When you believe you are the father of a child born in Florida but are not in a marriage with that child’s mother, you need to take certain steps if you want to have legal rights over your son or daughter. The same holds true if you are the mother of a child, were not in a marriage with the child’s father but wish to prove paternity so that you may start collecting child support.
Per the Florida Department of Revenue, while establishing paternity leads to these benefits for parents, it also proves advantageous for your child. Knowing paternal identity gives a child important information about his or her medical background and genetics. It also means that child might be able to get insurance under the parent’s policy or gain access to other benefits, such as Social Security. You may establish paternity in Florida using one of three methods.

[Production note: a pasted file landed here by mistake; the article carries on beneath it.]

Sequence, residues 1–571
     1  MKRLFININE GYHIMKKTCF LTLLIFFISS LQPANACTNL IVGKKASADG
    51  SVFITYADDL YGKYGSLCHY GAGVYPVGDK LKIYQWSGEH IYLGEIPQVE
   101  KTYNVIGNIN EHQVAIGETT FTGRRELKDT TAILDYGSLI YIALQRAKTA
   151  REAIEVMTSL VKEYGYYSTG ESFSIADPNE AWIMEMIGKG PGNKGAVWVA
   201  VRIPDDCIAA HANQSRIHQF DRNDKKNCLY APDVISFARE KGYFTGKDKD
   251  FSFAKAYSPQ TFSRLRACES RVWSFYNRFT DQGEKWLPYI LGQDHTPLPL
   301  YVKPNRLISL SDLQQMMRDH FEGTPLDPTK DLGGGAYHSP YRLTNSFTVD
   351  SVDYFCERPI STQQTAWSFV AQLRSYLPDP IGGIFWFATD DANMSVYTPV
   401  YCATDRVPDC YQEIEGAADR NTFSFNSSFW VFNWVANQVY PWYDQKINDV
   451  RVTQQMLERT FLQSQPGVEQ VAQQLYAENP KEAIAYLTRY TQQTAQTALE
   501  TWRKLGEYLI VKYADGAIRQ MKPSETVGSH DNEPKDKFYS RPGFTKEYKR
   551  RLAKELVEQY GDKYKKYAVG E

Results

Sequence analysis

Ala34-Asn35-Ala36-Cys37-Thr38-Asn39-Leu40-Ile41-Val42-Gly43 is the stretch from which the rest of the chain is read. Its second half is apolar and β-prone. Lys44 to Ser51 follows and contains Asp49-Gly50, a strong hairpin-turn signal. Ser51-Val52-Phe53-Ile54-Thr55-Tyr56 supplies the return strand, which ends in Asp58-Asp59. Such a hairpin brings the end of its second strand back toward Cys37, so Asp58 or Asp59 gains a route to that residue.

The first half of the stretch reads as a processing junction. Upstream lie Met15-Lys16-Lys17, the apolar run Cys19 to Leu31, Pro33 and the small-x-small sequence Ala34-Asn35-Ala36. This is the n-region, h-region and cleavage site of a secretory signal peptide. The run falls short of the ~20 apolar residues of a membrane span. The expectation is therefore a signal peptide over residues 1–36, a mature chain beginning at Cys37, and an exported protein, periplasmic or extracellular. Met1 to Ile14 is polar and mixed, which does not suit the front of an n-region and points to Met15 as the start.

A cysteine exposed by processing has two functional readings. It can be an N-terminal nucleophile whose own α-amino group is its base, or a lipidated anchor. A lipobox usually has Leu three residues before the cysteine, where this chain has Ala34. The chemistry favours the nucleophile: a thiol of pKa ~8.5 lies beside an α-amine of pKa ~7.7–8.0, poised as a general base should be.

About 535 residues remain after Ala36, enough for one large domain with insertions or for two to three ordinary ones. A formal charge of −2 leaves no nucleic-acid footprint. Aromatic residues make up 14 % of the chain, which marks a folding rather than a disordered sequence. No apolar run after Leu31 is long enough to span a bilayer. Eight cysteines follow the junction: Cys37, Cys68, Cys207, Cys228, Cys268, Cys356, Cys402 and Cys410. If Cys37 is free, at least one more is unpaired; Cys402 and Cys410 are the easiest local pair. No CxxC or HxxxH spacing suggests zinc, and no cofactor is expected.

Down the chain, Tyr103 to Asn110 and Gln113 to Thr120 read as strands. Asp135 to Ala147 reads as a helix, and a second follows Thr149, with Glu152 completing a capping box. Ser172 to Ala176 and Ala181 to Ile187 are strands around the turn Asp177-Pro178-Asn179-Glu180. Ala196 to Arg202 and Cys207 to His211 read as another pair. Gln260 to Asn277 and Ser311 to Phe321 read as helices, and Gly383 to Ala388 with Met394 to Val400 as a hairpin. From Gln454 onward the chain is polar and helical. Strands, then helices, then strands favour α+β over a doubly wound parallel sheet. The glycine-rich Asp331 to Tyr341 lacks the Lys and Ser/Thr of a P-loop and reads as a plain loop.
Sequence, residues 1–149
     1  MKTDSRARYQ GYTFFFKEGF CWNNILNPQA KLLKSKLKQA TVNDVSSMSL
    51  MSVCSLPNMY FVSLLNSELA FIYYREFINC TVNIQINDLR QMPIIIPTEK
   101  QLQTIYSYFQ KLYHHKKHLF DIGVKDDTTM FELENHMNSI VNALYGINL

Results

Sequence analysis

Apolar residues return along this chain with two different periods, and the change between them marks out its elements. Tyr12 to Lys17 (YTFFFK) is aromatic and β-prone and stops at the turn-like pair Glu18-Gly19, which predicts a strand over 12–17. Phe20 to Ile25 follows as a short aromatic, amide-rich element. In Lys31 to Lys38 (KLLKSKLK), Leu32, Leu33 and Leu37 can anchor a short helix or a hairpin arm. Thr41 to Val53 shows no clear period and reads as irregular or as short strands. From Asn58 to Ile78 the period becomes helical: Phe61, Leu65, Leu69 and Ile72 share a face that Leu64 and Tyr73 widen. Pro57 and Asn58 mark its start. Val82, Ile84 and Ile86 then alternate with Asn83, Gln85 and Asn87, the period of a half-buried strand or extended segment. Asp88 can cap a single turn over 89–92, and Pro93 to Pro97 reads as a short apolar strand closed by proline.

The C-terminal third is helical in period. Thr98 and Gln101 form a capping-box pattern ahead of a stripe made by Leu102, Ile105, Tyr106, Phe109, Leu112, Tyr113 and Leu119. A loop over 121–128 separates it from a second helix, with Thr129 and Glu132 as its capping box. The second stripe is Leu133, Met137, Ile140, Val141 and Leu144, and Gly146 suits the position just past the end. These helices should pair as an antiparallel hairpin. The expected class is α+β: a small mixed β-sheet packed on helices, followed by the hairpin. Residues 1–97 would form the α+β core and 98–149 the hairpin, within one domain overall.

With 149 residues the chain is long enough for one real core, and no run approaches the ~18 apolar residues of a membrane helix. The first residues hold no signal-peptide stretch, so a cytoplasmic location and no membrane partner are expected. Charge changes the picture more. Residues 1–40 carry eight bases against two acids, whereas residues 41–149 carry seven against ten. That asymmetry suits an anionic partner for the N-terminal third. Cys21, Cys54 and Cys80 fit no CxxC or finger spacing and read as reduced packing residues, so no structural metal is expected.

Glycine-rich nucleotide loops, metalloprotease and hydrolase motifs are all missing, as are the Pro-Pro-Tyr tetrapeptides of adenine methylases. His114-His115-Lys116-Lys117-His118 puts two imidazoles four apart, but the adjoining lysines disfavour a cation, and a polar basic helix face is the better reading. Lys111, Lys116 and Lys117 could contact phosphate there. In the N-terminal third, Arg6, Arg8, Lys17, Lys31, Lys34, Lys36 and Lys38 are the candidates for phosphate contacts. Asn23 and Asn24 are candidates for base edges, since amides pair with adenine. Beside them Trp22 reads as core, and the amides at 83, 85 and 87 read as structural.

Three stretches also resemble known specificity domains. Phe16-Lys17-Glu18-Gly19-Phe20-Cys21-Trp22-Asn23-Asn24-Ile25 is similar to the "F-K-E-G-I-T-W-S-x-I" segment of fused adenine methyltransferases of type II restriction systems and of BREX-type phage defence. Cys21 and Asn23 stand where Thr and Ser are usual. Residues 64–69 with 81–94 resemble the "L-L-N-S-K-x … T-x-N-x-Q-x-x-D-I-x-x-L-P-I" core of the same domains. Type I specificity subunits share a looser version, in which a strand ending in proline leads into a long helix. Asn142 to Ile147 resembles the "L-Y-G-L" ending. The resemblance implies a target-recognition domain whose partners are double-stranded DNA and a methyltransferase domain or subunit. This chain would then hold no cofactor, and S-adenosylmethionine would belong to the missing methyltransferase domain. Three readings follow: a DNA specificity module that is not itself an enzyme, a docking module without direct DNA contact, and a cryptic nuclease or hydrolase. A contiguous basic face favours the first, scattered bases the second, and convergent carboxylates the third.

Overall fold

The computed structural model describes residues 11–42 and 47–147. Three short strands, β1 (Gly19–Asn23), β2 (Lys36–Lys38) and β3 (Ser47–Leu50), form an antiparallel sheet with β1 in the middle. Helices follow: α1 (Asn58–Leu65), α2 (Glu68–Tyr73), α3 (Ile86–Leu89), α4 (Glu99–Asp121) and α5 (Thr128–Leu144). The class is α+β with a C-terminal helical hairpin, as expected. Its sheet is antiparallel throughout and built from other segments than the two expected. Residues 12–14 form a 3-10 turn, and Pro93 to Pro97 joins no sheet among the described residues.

1. By being in marriage at birth
If you and your child’s mother or father were in a marriage when your son or daughter was born, you had the option of establishing paternity voluntarily before leaving the hospital.
2. By legitimation or acknowledgment
You may establish paternity through legitimation or acknowledgment until your child turns 18. This involves either marrying one another later and doing so while applying for a marriage license or remaining unmarried and both voluntarily agreeing about paternity.
3. By an order
Sometimes, you may have to get a court order to establish paternity. This involves having either you or the party you believed fathered your child submit to genetic testing.
Once you prove paternity, you may move forward with related steps, such as creating new time-sharing or child support arrangements.